Jackson Superintendent: This Is A Difficult Budget Year

Jackson Superintendent Dr. Stephen Genco. (Photo by Bob Vosseller)

  JACKSON – School Board members and administrators heard several presentations from some of its departments recently in order to help them crunch numbers in preparation of next month’s school budget presentation.

  During a recent Board of Education meeting, Superintendent Stephen Genco expressed concerns about of this year’s district spending plan. He noted that state aid figures have not yet been released, “but under S-2, the state’s funding formula, the district’s overall loss in state aid is expected to be about $790,000 for the coming budget, and possibly $2 million less than that during the 2021-2022 school year.”

  “This is a very, very difficult budget this year, we are looking to be flat or less in every way we can be. Given the cuts we are experiencing under the state’s funding formula, we are looking at a very tough budget,” Genco said.

  The board and administration have begun formulating the tentative budget, which will be introduced at the board’s March 18 meeting at 6:30 p.m. in the administration building.

  A public hearing on the proposed budget will be held at its April 29 meeting at 6:30 p.m. in the Fine Arts Center of Jackson Memorial High School.

  Among the presentations made during the Feb. 19 meeting was the transportation department. The district has 110 contracted bus drivers and 20 substitute drivers, 34 contracted bus aides and 13 substitute bus aides. Last year, it had 116 54-passenger vehicles, 46 vans and one car on the road. This year that number has dropped to 115 buses and 44 vans. Mileage figures from last year was 1,879,783 and this year’s estimate is 1,826,250 while the fuel used total from last year was 363,750 gallons but is estimated at 357,250 gallons this year.

  The number of students in the district being transported went from 8,616 during the 2018-19 school year to 9,373 during the current school year and non-public students transported jumped from 540 to 657.

  The figure for aid-in-lieu also increased from 608 to 829. This refers to a state law that requires Jackson to offer either transportation or what is known as “Aid in Lieu of transportation’’ (AIL) to students who wish to attend a non-public school within two to 20 miles from their Jackson home.

  The district is able to accomplish this in a number of ways, including utilizing district buses and drivers to accomplish these bus routes, contracting out the routes to a private contractor or educational services commission, or entering into a jointure with another district to have its resident students join another bus run being managed by another district.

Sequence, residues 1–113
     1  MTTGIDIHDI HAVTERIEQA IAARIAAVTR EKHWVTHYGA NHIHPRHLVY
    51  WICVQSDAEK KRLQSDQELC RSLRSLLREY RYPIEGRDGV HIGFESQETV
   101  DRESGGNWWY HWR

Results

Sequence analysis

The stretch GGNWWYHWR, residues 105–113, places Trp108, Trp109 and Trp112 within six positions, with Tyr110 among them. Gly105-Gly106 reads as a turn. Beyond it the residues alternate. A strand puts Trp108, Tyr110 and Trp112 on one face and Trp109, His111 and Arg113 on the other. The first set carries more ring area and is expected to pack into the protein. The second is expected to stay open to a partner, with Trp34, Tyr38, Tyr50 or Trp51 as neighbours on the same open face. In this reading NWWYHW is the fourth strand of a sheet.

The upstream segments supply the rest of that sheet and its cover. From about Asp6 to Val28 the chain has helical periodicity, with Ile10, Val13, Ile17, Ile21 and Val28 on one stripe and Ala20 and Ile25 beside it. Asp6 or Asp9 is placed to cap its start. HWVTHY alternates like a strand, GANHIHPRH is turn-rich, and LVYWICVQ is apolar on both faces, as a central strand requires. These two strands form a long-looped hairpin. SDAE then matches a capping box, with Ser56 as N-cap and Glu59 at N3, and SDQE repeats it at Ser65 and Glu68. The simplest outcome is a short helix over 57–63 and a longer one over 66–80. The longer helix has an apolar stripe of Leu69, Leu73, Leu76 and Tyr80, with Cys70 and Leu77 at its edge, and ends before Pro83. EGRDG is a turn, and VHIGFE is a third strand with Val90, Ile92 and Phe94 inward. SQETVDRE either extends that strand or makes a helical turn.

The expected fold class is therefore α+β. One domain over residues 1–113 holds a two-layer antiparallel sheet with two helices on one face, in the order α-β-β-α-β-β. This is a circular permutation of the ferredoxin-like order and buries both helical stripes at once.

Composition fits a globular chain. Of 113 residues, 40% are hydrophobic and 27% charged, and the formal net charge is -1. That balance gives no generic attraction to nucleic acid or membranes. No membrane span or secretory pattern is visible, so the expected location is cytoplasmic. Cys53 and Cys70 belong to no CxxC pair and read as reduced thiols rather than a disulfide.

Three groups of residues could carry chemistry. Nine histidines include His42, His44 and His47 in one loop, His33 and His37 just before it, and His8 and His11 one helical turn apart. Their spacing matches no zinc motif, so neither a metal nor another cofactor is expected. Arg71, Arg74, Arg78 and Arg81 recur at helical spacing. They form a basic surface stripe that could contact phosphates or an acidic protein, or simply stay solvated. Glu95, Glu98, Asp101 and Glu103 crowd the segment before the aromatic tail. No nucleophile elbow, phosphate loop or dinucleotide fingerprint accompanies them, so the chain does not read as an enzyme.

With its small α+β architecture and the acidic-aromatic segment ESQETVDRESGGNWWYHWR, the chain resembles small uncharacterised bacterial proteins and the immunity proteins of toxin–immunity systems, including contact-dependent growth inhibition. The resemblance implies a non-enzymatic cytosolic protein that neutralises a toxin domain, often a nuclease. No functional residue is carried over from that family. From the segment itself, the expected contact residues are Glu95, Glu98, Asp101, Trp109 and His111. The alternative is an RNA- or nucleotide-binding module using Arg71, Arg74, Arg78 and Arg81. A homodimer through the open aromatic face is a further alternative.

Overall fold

If those options cannot be accomplished within the specific cost established each year by the Department of Education ($1,000 per student), then the district must offer the students AIL. The maximum amount is $1,000 per student. Parents receive AIL only if students are eligible for transportation and the district is unable to provide it another way for the state-designated amount.

  AIL is simply an alternate way of providing the transportation itself. Therefore, if students are not eligible for one, they are not eligible for the other.

  Representatives from Spiezle Architects gave an update about the district’s satellite transportation facility which had a listed completion date of March 27.

  “We expect that will be completed by the end of March,” Genco said. “This facility will be a tremendous help to us in terms of maintenance, but also in cost savings and efficiency. With this location, half of our fleet will not have to traverse the whole town in order to transport our students.”

  The Transportation Department’s goals moving forward were to improve on customer service, continue to monitor safety and efficiency of runs, make necessary changes, monitor the condition of buses, improve thorough preventative maintenance and determine life expectancy of individual buses and evaluate needs to replace those vehicles.

  The department is headed by Director of Transportation John Griffiths who previously served in that role within the Edison School District. He was hired by the district late last year.

  The budget presentations, as well as budget documents created while developing the spending plan, will be posted online so it can be discussed in the months prior to the public hearing in April.

   The school district is also getting closer to picking a successor to Genco who will retire on July 1. The superintendent updated the board and the public about the search for his replacement and said the process is going smoothly.

  Genco said the board may be in a position to vote on the position at the March board meeting.

“We are on track and we are getting close,” he said.